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Guanciale at Cafe Rouge.

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I went their last week for brunch and picked up some guanciale at their meat market. Guanciale ( Italian for pigs cheek) is cured, then cut and cooked like pancetta. But, I swear, this stuff is saltier than salt. I couldn't even eat in cooked into a nice red sauce I made up. It was probably 5 times saltier than bacon, literally! Any Comments?

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  1. Is it usually used as a basis for a sauce where it's the only meat or is it added to sauces in small quantities where other meat or veg are the main ingreds?

    I don't know much about it. Maybe some guanciale experts will step forward.

    I'm only saying this as Cafe Rouge has always been the source of fabulous everything I've ever bought, from hamburger meat to bunny pate.

    1 Reply
    1. re: oakjoan

      I'm curious too. Put the question on the general board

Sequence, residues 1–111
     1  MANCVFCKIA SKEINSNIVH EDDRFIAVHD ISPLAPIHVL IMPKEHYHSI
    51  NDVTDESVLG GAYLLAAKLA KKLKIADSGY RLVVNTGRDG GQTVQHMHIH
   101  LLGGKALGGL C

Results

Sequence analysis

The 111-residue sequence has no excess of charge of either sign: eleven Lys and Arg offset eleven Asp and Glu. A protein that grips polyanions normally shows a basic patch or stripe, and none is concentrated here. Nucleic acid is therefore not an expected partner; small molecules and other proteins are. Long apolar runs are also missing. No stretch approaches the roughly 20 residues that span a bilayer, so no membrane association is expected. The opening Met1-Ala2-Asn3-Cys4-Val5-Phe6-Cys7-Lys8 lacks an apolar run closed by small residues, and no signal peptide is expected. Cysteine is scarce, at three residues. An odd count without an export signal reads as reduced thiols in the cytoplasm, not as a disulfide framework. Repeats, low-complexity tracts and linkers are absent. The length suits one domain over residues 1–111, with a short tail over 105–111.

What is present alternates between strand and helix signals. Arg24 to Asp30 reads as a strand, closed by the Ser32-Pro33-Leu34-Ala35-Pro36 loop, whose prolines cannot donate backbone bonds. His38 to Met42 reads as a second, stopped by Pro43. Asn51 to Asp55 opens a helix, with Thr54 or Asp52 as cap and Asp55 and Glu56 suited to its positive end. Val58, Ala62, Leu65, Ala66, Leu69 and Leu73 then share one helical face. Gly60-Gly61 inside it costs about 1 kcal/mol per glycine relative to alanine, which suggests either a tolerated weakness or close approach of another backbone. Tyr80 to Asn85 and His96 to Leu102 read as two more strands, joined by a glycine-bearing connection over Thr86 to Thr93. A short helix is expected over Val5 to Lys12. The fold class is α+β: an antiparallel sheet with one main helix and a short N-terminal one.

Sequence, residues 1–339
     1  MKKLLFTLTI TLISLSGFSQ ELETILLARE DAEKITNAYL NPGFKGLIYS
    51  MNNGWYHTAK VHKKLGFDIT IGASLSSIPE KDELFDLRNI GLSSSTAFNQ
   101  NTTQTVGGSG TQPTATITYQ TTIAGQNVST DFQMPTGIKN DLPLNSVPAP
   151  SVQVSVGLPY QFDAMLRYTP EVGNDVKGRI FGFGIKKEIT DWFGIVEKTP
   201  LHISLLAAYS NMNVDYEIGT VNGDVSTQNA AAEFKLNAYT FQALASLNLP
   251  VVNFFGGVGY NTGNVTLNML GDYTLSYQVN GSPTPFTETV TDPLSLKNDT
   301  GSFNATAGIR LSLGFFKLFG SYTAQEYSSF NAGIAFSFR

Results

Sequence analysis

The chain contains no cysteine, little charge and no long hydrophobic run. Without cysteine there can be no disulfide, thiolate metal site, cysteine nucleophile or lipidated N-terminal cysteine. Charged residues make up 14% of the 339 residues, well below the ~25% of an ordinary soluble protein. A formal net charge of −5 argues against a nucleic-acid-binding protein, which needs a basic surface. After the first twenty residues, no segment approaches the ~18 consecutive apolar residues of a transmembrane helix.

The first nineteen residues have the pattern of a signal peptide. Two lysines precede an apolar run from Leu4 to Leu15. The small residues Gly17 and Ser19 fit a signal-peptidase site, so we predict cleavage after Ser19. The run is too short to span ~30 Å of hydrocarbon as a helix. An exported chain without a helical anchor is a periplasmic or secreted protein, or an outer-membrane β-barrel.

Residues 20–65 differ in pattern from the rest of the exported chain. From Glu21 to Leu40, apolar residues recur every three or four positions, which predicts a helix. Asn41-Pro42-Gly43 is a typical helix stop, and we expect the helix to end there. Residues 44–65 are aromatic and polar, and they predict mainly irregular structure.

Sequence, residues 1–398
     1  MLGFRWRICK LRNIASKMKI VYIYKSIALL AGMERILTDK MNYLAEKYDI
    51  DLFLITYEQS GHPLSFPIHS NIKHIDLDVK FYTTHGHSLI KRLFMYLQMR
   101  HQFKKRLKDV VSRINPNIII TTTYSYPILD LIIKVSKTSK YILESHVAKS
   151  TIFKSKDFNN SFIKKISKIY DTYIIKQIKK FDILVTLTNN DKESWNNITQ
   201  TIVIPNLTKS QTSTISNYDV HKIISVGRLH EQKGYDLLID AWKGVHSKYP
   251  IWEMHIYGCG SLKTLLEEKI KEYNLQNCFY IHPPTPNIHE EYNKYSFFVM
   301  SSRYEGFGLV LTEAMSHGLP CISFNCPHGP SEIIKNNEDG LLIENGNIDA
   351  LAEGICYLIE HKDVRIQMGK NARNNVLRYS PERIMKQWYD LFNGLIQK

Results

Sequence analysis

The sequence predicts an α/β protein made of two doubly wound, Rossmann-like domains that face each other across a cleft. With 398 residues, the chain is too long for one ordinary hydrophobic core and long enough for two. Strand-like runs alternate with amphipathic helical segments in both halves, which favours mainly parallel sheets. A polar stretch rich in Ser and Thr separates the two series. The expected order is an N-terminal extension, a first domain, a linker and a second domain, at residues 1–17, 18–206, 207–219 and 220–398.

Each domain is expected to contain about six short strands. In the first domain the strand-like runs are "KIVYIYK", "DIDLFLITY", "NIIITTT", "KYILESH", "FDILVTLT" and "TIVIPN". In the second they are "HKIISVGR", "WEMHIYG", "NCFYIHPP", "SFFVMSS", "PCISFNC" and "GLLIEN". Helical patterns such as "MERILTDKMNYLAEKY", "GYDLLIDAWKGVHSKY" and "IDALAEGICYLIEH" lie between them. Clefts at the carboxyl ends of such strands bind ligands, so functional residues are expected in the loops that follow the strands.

http://www.chowhound.com/topics/show/...

    2. I've bought Rouge's guanciale in the past and didn't find it more salty than usual.

      Further discussion moved to the General board topic.

      1. You might try Fatted Calf's guanciale and see if you prefer it. You can order ahead to pick up at the Ferry Plaza or Berkeley Saturday farmers markets.

        http://fattedcalf.com/menu.html

        1. I picked up some guanciale from Niman Ranch at the FP farmer's market a few weeks ago; it too is extraordinarily salty, so we've been slicing it cross-grain and soaking it in milk a bit like a salt-packed anchovy. It's tasty, but this example doesn't really change my world view. I'll have to try Fatted Calf's once we work our way through this rather large batch. I'm hoping the lack of epiphany has more to do with Niman Ranch's general good but not great quality rather than guanciale itself.

          3 Replies
          1. re: SteveG

            Next time you're near Santa Rosa, stop by Traverso's to get some of the housecured guanciale. Better than Niman or Molinari, haven't tried FC's.
            http://www.chowhound.com/topics/show/...

            P.S. to Samuel, guanciale is made from the jowl along the neck area, not the cheek meat.

            1. re: Melanie Wong

              Thanks for the tip; I did read your previous post on Traverso's with interest!

              Does Traverso's cut and sell smaller chunks? Niman sold me a pre-packaged set of 2.

              1. re: SteveG

                It's in the cold cut case. They'll hack off the amount you want. Be sure to call ahead to make sure it's available, and get some of the housemade pancetta too.